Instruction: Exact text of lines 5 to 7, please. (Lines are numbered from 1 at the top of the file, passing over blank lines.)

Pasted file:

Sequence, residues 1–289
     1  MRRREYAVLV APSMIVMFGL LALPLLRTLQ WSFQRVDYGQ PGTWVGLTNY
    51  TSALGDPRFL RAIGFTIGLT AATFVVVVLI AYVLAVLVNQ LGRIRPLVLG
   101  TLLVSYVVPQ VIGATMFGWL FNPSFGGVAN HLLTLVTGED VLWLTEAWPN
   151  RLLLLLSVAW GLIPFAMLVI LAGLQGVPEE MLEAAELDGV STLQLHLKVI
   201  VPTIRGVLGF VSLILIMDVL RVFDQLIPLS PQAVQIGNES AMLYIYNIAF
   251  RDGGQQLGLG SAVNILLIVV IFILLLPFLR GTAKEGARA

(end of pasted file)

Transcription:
   151  RLLLLLSVAW GLIPFAMLVI LAGLQGVPEE MLEAAELDGV STLQLHLKVI
   201  VPTIRGVLGF VSLILIMDVL RVFDQLIPLS PQAVQIGNES AMLYIYNIAF
   251  RDGGQQLGLG SAVNILLIVV IFILLLPFLR GTAKEGARA